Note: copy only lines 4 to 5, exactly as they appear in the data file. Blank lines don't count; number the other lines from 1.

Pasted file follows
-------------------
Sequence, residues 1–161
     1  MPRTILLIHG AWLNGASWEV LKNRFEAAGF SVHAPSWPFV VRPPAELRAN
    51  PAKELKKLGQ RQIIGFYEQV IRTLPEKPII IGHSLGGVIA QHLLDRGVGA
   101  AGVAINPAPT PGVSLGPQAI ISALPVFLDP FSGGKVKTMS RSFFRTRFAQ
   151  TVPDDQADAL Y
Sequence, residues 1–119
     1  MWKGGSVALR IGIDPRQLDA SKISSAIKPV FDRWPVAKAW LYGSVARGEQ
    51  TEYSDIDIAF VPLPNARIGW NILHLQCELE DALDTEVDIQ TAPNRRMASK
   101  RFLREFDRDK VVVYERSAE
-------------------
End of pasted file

   101  AGVAINPAPT PGVSLGPQAI ISALPVFLDP FSGGKVKTMS RSFFRTRFAQ
   151  TVPDDQADAL Y